The most enjoyable part of my job is visiting packing and processing plants, witnessing first-hand the expert hand-craftsmanship (such as at Allen Brothers’ Chicago plant, which is featured in this issue) and various in-plant technologies, but most importantly meeting the people who make these facilities hum.

While reflecting on the plants visited this year, one plant clearly stands out — Hormel Foods’ Austin, Minn., plant. (See the June 2012 cover story in Meat&Poultry.)

This 1.1 million-sq.-ft. facility turned 30 years old in September. What’s scary is I remember visiting the construction site of this plant on a cold winter’s afternoon in the early 80s and stumbling over frozen mud and foundation work while taking notes.

The original Austin plant spanned 54 acres, towered nine-floors high at the tallest spot and was the largest meat plant in the world in its heyday. The facility today remains one of the largest meat plants in the world – and is a modern technological marvel.

This plant is six plants under one roof – dry sausage, meat products, grocery products (canning), shipping warehouse, harvest and fabrication plus a large refinery operation – all connected by common passageways. It employs almost 1,750 people.

Products manufactured total 1.3 million lbs. per year, representing about one-eighth of the annual product volume produced by the entire company.

The Austin plant is different in many ways. Hormel has a partnership with Quality Pork Processors Inc., which is located at one side of the facility. All fresh pork QPP processes goes to Hormel Foods, which utilizes the meat cuts and trimmings throughout the Austin facility.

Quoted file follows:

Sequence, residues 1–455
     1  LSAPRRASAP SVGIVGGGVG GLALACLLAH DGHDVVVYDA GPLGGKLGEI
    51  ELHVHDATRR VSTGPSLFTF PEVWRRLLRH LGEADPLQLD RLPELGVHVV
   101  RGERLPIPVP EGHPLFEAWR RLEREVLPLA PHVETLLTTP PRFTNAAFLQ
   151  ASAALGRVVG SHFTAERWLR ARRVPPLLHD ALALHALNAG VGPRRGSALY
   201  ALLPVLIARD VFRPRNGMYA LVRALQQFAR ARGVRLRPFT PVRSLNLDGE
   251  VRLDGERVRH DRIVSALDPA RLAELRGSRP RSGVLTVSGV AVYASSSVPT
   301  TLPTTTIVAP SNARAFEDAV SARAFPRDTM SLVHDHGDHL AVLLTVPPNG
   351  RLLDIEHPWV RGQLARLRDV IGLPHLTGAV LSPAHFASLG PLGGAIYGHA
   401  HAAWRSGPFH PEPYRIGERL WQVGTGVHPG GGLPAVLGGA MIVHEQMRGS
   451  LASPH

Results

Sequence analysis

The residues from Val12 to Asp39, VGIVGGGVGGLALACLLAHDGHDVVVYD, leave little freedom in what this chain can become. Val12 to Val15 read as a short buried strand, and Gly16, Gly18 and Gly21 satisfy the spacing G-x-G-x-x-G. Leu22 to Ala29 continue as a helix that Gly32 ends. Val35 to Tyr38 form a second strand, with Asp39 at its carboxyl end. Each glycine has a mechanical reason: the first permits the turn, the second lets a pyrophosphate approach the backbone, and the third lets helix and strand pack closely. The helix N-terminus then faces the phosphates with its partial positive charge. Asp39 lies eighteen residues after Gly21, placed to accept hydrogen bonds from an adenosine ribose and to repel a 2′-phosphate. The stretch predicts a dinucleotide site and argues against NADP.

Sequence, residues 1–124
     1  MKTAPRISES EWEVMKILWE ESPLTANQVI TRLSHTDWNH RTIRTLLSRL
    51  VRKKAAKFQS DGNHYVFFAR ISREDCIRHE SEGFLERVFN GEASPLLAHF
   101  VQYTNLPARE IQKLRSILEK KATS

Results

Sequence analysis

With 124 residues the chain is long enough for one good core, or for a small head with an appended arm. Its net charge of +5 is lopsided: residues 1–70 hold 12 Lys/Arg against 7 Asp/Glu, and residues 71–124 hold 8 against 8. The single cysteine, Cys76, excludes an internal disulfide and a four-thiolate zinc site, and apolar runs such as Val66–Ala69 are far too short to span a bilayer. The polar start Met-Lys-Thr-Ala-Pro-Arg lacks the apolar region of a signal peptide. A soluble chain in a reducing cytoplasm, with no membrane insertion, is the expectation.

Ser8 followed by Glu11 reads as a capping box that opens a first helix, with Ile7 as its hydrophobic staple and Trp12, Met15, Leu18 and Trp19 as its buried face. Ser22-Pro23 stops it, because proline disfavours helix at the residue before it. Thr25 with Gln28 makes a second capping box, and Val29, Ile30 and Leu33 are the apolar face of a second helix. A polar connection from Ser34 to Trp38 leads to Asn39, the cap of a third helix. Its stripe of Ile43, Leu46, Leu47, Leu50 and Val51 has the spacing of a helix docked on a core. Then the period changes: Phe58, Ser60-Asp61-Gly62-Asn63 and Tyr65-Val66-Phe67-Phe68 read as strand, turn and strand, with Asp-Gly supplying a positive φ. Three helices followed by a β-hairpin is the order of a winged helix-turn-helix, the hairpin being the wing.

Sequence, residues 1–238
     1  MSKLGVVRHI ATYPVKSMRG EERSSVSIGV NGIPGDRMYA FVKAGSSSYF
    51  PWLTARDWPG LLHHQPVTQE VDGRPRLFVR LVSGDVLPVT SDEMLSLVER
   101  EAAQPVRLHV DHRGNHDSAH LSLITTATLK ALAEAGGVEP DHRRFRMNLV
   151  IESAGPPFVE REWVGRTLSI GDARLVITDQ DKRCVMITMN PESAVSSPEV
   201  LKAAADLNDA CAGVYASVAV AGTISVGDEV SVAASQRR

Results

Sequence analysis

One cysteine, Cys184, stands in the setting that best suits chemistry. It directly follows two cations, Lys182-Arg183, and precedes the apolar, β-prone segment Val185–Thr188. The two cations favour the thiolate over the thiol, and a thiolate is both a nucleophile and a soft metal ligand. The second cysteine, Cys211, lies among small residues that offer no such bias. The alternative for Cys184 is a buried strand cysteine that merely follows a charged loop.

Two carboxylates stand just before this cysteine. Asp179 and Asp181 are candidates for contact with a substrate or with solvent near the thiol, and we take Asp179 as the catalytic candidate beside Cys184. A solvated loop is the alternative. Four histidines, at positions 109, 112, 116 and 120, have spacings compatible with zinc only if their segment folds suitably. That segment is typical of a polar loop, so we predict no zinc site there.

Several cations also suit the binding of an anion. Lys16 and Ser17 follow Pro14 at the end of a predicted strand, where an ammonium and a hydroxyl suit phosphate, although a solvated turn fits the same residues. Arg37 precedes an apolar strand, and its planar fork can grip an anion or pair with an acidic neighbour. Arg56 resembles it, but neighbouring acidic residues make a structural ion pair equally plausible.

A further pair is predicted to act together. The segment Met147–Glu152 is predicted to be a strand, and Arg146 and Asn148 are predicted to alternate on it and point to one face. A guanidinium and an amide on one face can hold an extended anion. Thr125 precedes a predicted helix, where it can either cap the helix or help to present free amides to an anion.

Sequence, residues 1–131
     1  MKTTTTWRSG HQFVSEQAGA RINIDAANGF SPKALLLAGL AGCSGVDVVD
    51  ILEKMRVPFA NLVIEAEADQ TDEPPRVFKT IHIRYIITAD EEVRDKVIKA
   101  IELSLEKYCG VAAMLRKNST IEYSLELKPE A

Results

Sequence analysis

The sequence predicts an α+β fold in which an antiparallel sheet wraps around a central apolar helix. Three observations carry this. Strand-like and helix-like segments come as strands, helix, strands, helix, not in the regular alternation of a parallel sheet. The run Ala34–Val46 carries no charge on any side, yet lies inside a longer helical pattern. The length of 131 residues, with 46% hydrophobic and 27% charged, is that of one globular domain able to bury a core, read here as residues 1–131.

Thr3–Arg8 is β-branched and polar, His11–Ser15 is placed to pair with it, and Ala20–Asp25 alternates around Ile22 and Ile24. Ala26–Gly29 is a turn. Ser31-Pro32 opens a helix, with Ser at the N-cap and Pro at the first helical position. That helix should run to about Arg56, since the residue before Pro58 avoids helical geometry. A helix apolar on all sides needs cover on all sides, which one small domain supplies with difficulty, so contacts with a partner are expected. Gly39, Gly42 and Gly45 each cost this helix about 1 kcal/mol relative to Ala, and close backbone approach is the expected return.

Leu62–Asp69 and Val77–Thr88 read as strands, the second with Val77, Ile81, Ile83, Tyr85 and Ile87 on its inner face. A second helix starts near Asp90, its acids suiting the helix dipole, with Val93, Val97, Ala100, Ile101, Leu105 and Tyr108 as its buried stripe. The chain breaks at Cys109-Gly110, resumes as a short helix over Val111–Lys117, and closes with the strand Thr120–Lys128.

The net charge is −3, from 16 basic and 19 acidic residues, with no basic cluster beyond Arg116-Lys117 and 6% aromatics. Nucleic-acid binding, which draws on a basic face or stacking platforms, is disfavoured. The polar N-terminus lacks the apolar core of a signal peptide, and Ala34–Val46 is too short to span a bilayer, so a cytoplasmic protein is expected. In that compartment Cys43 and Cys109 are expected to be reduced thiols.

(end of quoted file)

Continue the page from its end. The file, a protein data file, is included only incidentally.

The facility’s Automatic Storage and Retrieval System (ASRS), which has been operating since day one, is a 14-level-high, computerized warehouse that stores and retrieves products by bar code.

Hormel’s high-pressure processing system used on some of its products was initiated in the Austin plant through R&D. Many ergonomically designed pieces of machinery and assists eliminate physical stresses created by some jobs on the line.

As this plant evolves, space keeps getting tighter, but Hormel manages to squeeze more production out of it each year through innovation, not by adding brick and mortar.

But more than anything else, Hormel executives credited their employees for making the company successful. Most workers I spoke with credited teamwork and working closely together for the facility’s continued success.

During my long drive home, it dawned on me the one thing all successful companies I’ve visited over the years have in common are caring, hard-working employees.

Here’s a big “thank you” to the thousands of men and women who work tirelessly every day behind the scenes at meat and poultry facilities all around the country.